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The truth about first Thanksgiving has lessons for today’s economy

by Richard J. Maybury

Each year at this time, school children all over America are taught the official Thanksgiving story, and newspapers, radio, TV and magazines devote vast amounts of time and space to it. It is all very colorful and fascinating.

It is also very deceiving. This official story is nothing like what really happened. It is a fairy tale, a whitewashed and sanitized collection of half-truths which divert attention away from Thanksgiving’s real meaning.

The official story has the pilgrims boarding the Mayflower, coming to America and establishing the Plymouth colony in the winter of 1620-21. This first winter is hard, and half the colonists die. But the survivors are hard working and tenacious, and they learn new farming techniques from the Indians. The harvest of 1621 is bountiful. The Pilgrims hold a celebration, and give thanks to God. They are grateful for the wonderful new abundant land He has given them.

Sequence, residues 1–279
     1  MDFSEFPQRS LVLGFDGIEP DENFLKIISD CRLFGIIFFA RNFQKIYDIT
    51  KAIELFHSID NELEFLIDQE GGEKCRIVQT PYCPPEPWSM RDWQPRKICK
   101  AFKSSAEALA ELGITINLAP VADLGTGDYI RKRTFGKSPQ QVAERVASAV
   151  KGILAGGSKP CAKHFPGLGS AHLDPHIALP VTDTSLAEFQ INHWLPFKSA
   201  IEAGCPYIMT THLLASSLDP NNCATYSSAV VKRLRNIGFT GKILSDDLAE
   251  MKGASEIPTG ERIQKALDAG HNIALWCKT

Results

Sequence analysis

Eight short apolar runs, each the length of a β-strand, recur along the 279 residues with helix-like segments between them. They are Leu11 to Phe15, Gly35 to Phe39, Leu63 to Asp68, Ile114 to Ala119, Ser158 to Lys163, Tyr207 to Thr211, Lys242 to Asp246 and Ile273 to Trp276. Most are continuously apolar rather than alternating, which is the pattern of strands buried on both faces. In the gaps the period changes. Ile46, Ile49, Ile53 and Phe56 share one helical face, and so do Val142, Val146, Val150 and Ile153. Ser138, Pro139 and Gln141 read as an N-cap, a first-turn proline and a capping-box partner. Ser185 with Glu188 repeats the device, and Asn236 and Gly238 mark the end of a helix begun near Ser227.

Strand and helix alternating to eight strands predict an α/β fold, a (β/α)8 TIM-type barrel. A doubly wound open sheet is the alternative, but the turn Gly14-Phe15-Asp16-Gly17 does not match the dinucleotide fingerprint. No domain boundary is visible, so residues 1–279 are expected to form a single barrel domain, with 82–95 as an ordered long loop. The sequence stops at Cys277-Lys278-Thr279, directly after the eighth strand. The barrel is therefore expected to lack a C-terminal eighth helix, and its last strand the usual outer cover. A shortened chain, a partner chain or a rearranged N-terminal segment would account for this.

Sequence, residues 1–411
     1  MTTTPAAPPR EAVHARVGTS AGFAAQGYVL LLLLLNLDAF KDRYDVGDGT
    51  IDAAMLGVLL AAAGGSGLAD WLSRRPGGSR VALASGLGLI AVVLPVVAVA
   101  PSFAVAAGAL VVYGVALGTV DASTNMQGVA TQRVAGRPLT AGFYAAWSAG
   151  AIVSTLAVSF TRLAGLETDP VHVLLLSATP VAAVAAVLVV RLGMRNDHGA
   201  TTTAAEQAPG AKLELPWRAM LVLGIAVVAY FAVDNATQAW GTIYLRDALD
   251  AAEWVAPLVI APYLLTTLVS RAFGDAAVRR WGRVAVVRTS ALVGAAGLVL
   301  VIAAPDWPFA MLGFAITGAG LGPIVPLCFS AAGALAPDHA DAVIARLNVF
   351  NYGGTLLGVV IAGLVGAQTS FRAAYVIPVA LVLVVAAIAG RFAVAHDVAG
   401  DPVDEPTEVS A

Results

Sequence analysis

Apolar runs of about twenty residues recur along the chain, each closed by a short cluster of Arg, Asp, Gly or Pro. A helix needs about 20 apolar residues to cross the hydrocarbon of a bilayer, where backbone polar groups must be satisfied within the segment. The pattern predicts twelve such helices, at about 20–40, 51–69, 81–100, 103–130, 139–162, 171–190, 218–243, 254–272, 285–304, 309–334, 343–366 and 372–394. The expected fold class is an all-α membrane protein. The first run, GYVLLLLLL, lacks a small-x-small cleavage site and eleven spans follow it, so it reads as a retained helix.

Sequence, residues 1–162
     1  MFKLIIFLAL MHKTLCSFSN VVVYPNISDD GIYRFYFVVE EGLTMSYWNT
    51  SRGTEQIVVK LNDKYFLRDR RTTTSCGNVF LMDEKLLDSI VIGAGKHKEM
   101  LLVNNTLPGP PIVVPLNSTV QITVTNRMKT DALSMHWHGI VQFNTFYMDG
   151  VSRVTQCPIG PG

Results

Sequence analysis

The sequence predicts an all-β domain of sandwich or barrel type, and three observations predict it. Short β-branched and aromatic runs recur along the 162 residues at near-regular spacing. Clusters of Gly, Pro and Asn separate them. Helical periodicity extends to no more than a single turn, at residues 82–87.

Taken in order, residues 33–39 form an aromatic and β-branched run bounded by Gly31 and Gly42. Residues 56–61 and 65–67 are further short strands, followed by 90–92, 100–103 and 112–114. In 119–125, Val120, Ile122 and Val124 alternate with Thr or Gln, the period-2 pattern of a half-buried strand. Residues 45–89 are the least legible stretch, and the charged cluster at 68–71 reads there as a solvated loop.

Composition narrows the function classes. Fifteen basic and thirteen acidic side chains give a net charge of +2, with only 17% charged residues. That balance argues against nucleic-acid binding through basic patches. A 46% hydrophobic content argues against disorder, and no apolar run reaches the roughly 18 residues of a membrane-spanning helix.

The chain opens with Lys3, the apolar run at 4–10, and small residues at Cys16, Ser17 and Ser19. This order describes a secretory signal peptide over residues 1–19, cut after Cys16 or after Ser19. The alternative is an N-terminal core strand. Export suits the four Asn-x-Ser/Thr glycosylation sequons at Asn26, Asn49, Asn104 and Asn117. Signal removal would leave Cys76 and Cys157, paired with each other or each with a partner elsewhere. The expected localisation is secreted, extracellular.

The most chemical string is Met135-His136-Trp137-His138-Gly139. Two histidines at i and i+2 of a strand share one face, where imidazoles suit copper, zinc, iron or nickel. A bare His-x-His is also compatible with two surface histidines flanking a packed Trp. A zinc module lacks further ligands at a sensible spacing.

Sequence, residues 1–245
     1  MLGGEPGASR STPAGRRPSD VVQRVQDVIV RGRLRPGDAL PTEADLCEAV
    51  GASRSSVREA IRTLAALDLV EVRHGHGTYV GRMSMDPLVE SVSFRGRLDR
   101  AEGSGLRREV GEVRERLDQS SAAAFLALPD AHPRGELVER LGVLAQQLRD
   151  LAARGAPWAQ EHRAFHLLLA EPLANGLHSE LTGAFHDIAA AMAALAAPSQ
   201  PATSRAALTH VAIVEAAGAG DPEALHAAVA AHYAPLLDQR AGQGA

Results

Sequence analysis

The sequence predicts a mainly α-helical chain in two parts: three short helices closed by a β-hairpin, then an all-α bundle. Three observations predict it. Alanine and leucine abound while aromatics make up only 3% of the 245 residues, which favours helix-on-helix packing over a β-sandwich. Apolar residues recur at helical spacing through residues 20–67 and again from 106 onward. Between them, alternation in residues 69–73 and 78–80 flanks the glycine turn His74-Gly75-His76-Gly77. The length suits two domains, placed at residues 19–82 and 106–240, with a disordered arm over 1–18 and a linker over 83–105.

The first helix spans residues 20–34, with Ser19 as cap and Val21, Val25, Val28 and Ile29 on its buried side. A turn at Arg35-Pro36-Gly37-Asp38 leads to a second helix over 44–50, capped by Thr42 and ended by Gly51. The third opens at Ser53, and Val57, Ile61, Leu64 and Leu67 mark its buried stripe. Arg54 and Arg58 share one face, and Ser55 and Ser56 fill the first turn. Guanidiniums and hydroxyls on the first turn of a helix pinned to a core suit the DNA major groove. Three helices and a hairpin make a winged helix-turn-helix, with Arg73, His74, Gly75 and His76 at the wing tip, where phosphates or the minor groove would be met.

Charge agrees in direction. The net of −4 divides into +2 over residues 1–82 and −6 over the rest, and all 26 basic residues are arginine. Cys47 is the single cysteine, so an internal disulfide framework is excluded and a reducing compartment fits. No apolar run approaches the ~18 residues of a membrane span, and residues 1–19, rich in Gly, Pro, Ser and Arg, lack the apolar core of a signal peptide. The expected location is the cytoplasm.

The official story then has the Pilgrims living more or less happily ever after, each year repeating the first Thanksgiving. Other early colonies also have hard times at first, but they soon prosper and adopt the annual tradition of giving thanks for this prosperous new land called America.

The problem with this official story is that the harvest of 1621 was not bountiful, nor were the colonists hardworking or tenacious. 1621 was a famine year and many of the colonists were lazy thieves.

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Some Ohio State football fans believe a U.S. president has superpowers

by David McElroy

One of the key story points in “The Wizard of Oz” is that a magical man with all powers ruled the entire land from the Emerald City and could grant whatever he chose to give out of the goodness of his heart. Some people believe the same of the U.S. president.

The Ohio State Buckeyes are 11-0 right now, with just one game to go. Ohio State’s group of football fans is as rabid as any of the other top 15 or 20 college football programs, and they would normally be excited about a possible chance to play for the national championship. There’s just one problem. The Buckeyes are on probation this year and are ineligible to play a post-season game. That was part of the punishment they suffered because of a cheating scandal a few years back.